CRS is a common condition that affects the quality of life of millions of patients worldwide and has a significant impact on health-care resources. Thus, the development of novel biofilm-targeting and antibiotic-sparing therapies is highly desirable and urgently required.

This in vitro study evaluated the antimicrobial activity of a novel synthetic honey-equivalent product designed to have the same reactive oxygen release profile as the engineered honey SurgihoneyRO™.

Treatment efficacy was investigated by assessing planktonic growth, biofilm viability, thickness, and biomass using 12 CRS-related S. aureus mucosal bacterial strains.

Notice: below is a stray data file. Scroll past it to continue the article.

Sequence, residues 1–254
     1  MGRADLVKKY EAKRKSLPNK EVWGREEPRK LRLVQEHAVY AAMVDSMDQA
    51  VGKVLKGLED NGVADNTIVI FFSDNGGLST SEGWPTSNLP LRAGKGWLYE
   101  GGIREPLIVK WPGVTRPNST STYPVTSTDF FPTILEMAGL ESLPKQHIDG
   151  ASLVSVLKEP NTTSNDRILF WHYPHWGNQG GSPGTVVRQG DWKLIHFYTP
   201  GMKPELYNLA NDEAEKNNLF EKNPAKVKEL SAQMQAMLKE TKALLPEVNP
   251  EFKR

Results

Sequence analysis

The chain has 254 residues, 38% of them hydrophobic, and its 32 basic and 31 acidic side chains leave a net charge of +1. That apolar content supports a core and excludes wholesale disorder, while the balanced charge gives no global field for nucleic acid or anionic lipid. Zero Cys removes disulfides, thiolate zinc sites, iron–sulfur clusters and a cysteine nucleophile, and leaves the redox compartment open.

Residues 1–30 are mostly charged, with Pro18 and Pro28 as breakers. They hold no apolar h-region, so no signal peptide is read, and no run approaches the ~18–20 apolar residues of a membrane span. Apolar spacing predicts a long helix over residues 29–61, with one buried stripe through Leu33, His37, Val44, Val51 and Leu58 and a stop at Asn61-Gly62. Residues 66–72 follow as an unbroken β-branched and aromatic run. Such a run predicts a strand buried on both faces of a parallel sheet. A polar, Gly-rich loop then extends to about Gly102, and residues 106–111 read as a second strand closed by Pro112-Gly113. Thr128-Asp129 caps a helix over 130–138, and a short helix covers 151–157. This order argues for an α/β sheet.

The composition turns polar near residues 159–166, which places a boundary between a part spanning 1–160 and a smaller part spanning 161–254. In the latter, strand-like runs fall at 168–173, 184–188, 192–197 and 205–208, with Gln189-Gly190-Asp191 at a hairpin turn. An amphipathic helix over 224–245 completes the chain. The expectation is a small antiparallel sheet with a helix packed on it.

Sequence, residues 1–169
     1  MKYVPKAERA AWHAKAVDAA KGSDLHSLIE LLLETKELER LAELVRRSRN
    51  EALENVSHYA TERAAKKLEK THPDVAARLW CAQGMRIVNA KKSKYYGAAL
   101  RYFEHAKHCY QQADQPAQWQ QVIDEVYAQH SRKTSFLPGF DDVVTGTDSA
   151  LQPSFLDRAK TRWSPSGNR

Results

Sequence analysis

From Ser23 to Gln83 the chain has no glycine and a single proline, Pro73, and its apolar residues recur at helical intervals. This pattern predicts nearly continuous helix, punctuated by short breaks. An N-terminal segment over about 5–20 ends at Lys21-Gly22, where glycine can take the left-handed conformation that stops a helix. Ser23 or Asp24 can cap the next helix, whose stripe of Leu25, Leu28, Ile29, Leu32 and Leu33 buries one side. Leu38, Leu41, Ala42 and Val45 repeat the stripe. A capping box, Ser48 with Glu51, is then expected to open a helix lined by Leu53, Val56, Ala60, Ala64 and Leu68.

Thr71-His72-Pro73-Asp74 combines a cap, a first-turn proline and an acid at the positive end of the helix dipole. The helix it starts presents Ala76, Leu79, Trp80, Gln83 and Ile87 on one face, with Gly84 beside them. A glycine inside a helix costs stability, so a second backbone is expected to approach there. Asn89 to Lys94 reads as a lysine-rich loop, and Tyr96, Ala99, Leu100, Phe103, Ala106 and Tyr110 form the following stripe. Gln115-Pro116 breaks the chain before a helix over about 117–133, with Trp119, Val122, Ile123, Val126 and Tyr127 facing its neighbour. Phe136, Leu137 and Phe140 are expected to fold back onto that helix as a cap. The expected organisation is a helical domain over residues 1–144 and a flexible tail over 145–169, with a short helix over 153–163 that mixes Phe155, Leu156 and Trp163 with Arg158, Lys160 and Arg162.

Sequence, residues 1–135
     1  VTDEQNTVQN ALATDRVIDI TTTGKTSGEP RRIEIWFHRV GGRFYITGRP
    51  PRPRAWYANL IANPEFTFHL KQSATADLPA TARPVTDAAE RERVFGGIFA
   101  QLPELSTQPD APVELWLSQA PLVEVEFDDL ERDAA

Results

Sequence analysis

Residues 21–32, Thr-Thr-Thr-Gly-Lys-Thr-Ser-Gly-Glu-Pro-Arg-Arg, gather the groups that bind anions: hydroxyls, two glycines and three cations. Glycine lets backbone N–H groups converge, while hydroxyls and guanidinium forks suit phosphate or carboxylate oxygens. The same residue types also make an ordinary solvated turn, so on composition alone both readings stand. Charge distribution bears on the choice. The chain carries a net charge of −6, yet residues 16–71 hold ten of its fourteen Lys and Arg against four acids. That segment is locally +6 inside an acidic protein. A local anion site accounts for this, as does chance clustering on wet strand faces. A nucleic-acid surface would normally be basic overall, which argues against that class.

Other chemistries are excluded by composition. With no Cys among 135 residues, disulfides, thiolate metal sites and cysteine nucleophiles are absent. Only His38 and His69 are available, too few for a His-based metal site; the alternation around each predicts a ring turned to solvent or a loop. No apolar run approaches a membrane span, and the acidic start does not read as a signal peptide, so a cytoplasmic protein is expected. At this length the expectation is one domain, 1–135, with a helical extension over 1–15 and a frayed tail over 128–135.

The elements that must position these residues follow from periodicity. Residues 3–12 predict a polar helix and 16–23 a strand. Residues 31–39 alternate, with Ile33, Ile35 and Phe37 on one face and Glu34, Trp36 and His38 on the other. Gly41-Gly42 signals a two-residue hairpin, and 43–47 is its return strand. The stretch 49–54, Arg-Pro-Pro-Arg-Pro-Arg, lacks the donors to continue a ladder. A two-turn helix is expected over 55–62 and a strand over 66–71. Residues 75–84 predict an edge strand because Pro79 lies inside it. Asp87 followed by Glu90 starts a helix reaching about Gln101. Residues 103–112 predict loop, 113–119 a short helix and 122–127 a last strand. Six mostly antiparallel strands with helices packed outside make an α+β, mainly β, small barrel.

Treatment of established S. aureus biofilms reduced biofilm viability with 24-hour treatment resulting in a 2-log reduction in viability of biofilms formed by methicillin-resistant strains and a 1-log reduction in biofilms formed by methicillin-sensitive pieces.

The study concluded that the synthetic honey-equivalent product provides marked antimicrobial activity against S. aureus biofilms, with the potential for development in the clinical setting as adjunctive biofilm-targeted therapy in CRS. The aim of such a product would be to reduce the need for antibiotics, steroids, and invasive surgical procedures in CRS patients and improve clinical outcomes following endoscopic sinus surgery.